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Glock 19X and Glock 45: I Went to the Range and Fired the Guns that the U.S. Army Refused

Glock 19X. Image Credit: Creative Commons.
Glock 19X. Image Credit: Creative Commons.

Reminding me why I love my job with 19FortyFive so much, our editor asked me recently which Glock pistols I hadn’t reviewed yet. I replied off the top of my head along the lines of, “Well, let’s see, there’s the Glock 30S .45 ACP, the Glock 27 .40 cal, and the Glock 19X 9mm.”

Naturally, she asked me to review them all.

As our longtime readers know, I’m quite the Glock fanboy, so she didn’t have to ask me twice.

Last year, I did fire the standard Glock 19, but not the 19X version. Fast-forward to January of this year, and I got to fire a friend’s G19X, but with the fancy RMR optics, not the standard old-iron sights. Fast-forward again to this month, and the opportunity to make up for lost time with the iron-sighted G19X finally presented itself. It then took an unexpected turn — but I’m getting ahead of myself.   

Glock 19X (and Glock 45) Early History and Specifications

The Glock 19X debuted in 2017, and the Glock 45 launched the following year. One good Glock deserves another, I suppose. Analogous to Lay’s Potato Chips, “You can’t eat just one!”

As I noted in last year’s article, the Glock 19X was the company’s attempt to win the U.S. Army contract to replace the aging Beretta M9 service pistols. For reasons I have explained in that piece, Glock lost out to the SIG M17/P320.

Here is what the manufacturer’s official info page says about the G19X:

“GLOCK’s first ever ‘Crossover’ pistol, the GLOCK 19X, combines the best features of two of its most popular and most trusted field-tested platforms. The full-size GLOCK 17 frame and the compact GLOCK 19 slide have joined forces to produce the ideal pistol for all conditions and all situations. The 19X comes in the coyote color with the first-ever factory colored slide, finished with an improved nPVD slide coating to prevent corrosion. Additional features include the GLOCK Marksman Barrel (GMB), no finger grooves, ambidextrous slide stop levers and lanyard loop. Included with the pistol is a standard 17-round magazine, two 17+2-round magazines and coyote-colored pistol case.”

Barrel length is 4.02 inches, overall length 7.44”, height is 5.47”, empty weight is 22.05 ounces, and fully-loaded weight is 31.30 oz. 

As for the G45, it has the exact same dimensions as the G19X. The only appreciable difference is that it uses Glock’s more traditional matte black finish. The manufacturer:

“The compact crossover pistol G45 in 9x19mm combines a compact slide with a full size frame and has all the benefits of a Gen5 model. Utilizing the design and engineering GLOCK developed for its military pistol (G19X), combined with Operator and worldwide Law Enforcement specifications.”

Personal Shooting Impressions/Range Report

On to the really fun part: the live-fire session. To fulfill this portion, I was off yet again to the Silver Eagle Group indoor shooting facility in Ashburn, Virginia, to take advantage of SEG’s rental Gen G19X.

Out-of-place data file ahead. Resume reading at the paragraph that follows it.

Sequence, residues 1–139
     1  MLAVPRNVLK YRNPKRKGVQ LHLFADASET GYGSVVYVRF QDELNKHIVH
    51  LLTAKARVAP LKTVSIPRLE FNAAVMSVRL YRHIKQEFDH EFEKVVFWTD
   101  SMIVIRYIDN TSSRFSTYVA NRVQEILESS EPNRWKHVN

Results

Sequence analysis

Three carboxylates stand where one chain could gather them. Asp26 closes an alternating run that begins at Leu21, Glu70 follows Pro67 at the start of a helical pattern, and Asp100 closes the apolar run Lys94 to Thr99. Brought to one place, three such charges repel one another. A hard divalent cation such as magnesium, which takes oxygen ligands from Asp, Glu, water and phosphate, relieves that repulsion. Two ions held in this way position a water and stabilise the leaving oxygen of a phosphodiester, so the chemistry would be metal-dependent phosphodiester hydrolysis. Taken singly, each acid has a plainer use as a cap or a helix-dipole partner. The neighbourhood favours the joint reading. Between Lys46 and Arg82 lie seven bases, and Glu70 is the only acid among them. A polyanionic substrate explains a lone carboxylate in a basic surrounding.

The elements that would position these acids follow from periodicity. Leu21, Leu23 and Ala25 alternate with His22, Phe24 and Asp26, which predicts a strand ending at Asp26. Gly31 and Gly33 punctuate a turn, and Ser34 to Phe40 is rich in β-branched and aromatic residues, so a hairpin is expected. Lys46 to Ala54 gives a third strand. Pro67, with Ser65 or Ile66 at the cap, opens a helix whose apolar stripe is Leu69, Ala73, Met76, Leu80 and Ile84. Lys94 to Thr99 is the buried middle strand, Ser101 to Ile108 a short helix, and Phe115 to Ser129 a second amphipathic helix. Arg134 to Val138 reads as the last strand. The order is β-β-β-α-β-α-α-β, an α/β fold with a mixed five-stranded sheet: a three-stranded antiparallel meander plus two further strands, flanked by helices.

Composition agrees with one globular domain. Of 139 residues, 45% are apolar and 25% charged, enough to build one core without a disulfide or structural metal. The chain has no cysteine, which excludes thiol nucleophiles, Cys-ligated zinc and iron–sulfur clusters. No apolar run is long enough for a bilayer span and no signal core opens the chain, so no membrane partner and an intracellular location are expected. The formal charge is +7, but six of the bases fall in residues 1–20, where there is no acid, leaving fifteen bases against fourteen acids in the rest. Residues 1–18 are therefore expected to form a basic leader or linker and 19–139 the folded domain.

The Silver Eagle staffer warned me up front that their 19X was so badly worn out that the gun had a distressing tendency to drop its magazine prematurely after every few shots. This indeed happened to me on the very first two shots discharged. I quickly swapped it out with the range’s rental G45, which luckily functioned without a hitch.

The ergonomics on the two guns were quite comfortable, though I still prefer the overall feel of my Glock 17 and Glock 21SF. Trigger pull, felt recoil, and muzzle flip were way more pleasant than the G27 .40 S&W I had fired just prior. Sight acquisition was dreamy.

Ammo used was 50 rounds of CCI Blazer Brass 9mm Luger 115-grain full metal jacket. I divided test fire into 15 rounds of head shots at 21 feet, 10 rounds of center-torso shots at 50 feet, 15 rounds of head shots at 75 feet, and 10 rounds of center torso shots at 150 feet, all launched from the Classic Weaver Stance. Targets destroyed were the ICE-QT paper targets.

At 21 feet, the head shots were dead-on in the forehead, bridge of the nose, and right eyebrow. At 50 feet, all ten rounds stayed in the 5-zone of the torso, with seven taking the dead-center 5x tiebreaker zone. At 75 feet, I tallied ten hits in the 5-zone of the noggin, three in the peripheral 2-point hairline, and two total whiffs. At the max 150’ distance, I was decidedly underwhelming, with four 5-zone hits – zero 5x’s – one 4-zone hit, two 2-zoners, and the three remaining shots…eh, meh. 

 Assuming I’ve got a specimen that hasn’t been too badly worn out yet, I’d still gladly take a G19X or G45 – or a Beretta M9 for that matter – over the SIG M17/P320.

Christian D. Orr has 33 years of shooting experience, starting at the tender age of 14. His marksmanship accomplishments include: the Air Force Small Arms Ribbon w/one device (for M16A2 rifle and M9 pistol); Pistol Expert Ratings from U.S. Customs & Border Protection (CBP), Immigration & Customs Enforcement (ICE), and the Federal Law Enforcement Training Center (FLETC) Criminal Investigator Training Program (CITP); multiple medals and trophies via the Glock Sport Shooting Foundation (GSSF) and the Nevada Police & Fires Games (NPAF). Chris has been an NRA Certified Basic Pistol Instructor since 2011.

Written By

Christian D. Orr is a former Air Force officer, Federal law enforcement officer, and private military contractor (with assignments worked in Iraq, the United Arab Emirates, Kosovo, Japan, Germany, and the Pentagon).